Chapter 8: Conclusion: The Credit Money and State Money Approaches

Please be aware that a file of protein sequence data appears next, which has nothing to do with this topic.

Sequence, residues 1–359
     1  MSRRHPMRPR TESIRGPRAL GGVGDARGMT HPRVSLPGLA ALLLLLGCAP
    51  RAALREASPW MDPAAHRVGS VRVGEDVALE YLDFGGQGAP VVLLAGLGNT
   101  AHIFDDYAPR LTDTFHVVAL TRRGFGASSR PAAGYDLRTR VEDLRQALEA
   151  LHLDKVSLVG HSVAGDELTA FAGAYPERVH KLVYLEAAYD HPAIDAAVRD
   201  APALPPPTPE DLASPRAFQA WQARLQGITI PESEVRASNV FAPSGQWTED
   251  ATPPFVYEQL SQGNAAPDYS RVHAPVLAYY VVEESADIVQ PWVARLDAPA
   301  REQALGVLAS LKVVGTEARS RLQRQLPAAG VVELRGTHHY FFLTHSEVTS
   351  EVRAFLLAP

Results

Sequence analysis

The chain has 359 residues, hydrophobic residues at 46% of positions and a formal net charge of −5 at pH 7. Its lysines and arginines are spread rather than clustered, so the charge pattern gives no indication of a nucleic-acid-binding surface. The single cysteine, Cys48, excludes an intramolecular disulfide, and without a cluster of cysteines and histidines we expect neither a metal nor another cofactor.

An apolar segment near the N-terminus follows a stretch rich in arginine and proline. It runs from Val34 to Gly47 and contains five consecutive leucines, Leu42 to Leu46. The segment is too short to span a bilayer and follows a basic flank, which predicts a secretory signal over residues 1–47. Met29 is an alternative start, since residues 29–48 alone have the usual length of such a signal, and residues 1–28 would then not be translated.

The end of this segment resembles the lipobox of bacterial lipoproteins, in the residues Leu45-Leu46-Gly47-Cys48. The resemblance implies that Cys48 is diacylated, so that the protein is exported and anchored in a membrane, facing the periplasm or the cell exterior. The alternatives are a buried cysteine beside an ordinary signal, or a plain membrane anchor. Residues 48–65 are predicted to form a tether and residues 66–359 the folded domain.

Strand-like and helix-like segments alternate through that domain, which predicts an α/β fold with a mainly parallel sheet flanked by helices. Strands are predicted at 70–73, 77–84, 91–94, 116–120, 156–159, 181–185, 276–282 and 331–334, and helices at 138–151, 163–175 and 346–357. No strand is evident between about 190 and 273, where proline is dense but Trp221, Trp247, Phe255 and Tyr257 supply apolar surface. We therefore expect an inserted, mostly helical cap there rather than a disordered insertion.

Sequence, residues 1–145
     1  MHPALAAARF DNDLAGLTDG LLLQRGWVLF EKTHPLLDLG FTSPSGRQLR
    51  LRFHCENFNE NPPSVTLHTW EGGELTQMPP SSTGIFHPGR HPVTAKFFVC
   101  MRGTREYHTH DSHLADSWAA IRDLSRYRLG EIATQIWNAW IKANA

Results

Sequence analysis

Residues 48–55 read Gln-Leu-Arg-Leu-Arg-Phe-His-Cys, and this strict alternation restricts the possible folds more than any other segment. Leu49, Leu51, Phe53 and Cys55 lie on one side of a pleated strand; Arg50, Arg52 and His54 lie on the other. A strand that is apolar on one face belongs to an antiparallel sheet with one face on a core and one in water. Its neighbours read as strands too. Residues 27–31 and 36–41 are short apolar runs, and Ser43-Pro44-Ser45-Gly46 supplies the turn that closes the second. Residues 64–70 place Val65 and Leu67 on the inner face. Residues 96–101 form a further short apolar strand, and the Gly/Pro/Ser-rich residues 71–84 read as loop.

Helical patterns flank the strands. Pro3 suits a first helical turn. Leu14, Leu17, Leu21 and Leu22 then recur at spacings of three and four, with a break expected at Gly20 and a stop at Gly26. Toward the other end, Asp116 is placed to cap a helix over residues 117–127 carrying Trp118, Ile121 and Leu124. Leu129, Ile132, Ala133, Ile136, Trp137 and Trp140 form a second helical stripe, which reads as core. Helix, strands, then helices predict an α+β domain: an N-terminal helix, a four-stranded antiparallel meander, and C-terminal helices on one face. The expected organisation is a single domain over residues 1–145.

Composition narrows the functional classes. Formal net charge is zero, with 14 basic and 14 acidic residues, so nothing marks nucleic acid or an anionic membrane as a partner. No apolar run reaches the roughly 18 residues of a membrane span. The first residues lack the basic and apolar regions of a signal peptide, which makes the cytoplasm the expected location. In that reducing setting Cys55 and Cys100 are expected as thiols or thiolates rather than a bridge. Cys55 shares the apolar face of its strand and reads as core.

L. Randall Wray D OES A. Mitchell Innes offer any insights for modern monetary theorists on the nature of money? It should be obvious from the preceding chapters that we believe he does. There are two remarkable things about his two articles. First, there is the clarity of his analysis, much of it based on little more than hunches about the history of money – a history that largely remained to be discovered, developed and written over the century that followed publication of his articles. We certainly would not wish to defend all of these hunches, but the general interpretation is sound. Second, it is amazing that the path laid down by Innes was ignored by almost all subsequent monetary theory. Of course, Innes was anything but a well-known monetary theorist and his articles were published in a banking law journal. However, as the journal’s editor remarked in 1914, ‘the article attracted world-wide attention, and evoked much comment and criticism, from economists, college professors and bankers, as well as from the daily and financial press, because he differed so widely from the doctrine of Adam Smith and the present theories of political economy.’ Still, it is true that Innes was rarely (if ever) cited, thus, the editor may well have exaggerated the extent of the debate around his article. On the other hand, one would have thought that if a Counsellor of the British Embassy in Washington could have produced such an analysis, surely some well-trained economist might have reproduced the...
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